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On Lock Down

What is the best way to lock my bike? In my previous article titled “Regarding Locks” I discussed the different levels of protection provided by different locks. But regardless of which type of lock you use, there are some things you should pay attention to when locking your bike.

1.  Always put your lock through the frame and rear wheel.

Why? The most expensive parts of your bike to replace are the frame and rear wheel. If you only put your lock through one wheel, a thief only needs one wrench to unbolt the wheel and take the rest of the bike. If you have quick release wheels they don’t need any tools at all.

2. make sure that your bike is locked to a closed loop object.

Why? I see people put cable locks around parking meters all the time.  If you do this, all that a thief needs to do to remove the bike is lift it and slide the lock over the top of the meter. I know people who have lost their bikes this way. So always make sure that  the object that you are locking to won’t allow the lock to slide off. Also be aware that some objects are not fixed to the ground. For example; If you put your lock around the leg of a park bench that isn’t bolted down, a thief can simply lift the bench and slide your lock off the bottom.

3. Don’t lock your bike in the same place at the same time every day.

Why? If a thief gets to know your schedule it is easier to plan on when to steal your bike. For example: if you leave your bike locked on the same rack every day from 9am – 5pm, a potential thief will know that your bike is vulnerable during this time. Even worse is if you lock your bike outside in the same place every night! Try mixing it up a little. Find other bike racks nearby, and start a rotation. Lock your bike on different racks different days.

4.  If you have removable parts on your bike, like lights or cycling computers, take them with you.

Why? A twenty dollar light that snaps onto your handle with no tools is like a twenty dollar bill sitting out in the open.

5. Don’t leave valuables in your cycling bags.

Why? This is self explanatory. These bags don't lock. Think about it.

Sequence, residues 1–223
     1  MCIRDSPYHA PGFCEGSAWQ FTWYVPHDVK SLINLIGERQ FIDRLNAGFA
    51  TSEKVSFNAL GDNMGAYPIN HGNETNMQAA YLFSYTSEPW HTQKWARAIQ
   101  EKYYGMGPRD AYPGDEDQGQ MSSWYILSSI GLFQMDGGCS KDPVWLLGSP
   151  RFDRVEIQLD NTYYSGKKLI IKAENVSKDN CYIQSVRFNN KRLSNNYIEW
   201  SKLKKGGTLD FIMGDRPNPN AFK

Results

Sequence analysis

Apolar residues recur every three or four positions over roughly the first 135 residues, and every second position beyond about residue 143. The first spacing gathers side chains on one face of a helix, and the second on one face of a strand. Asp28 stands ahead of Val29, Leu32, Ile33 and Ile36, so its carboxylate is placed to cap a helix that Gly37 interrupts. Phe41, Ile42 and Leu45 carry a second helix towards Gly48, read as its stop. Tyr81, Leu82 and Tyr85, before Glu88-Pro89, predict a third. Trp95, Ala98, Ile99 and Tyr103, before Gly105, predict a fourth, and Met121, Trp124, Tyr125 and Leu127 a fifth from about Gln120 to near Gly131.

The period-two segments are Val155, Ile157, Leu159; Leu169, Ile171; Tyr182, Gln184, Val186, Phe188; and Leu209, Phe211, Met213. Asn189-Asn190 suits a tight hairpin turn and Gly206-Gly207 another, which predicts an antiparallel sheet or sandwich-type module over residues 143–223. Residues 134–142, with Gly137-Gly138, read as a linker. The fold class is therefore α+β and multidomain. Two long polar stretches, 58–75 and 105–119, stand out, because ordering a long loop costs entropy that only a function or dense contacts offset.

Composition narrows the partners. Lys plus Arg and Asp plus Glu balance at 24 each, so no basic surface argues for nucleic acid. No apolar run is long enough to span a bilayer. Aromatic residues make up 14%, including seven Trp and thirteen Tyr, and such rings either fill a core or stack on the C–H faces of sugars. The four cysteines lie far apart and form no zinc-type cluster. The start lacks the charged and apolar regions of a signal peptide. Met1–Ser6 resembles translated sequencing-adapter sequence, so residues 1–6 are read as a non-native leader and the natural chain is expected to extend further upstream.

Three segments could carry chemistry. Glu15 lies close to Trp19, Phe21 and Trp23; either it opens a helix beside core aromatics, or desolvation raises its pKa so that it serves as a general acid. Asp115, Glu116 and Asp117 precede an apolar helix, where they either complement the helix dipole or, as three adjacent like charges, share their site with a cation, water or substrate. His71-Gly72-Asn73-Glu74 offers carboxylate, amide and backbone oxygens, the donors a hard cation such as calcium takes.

6. Replace any quick release levers with nuts and bolts.

Why? Not all bike thefts involve the entire bike being stolen. Often times a thief will just take a wheel or a seat. Any parts that are held on with a quick release can be removed without any tools what so ever. This means that any passerby that feels the urge to take something can. By replacing the quick releases with nuts and bolts, these parts require tools to be removed. This drastically reduces the number of potential thieves.

7. If you leave your helmet with your bike make sure that you put your lock through the straps.

Why? To get the helmet a thief would have to cut the straps of the helmet rendering it useless.

8. If you’re just running into a store for a minute, and don’t want to lock your bike, leave it where it is visible from inside the store.

Why? Even if you aren’t watching the bike, a potential thief will assume that you are. (note: This may have limited effectiveness. It’s always best to lock your bike to something.)

9. If you can’t find something suitable to lock your bike to, put your lock through the frame and rear wheel.

Why? This won’t stop someone from carrying the bike away, but it will stop them from riding it away. (I usually only do this if I’m running into a store for a minute. I wouldn’t leave my bike unattended like this for long.)

10. Lock your bike next to a more expensive bike.

Why? It sounds funny, but if a thief is going to steal one bike it will probably be the most expensive one on the rack.

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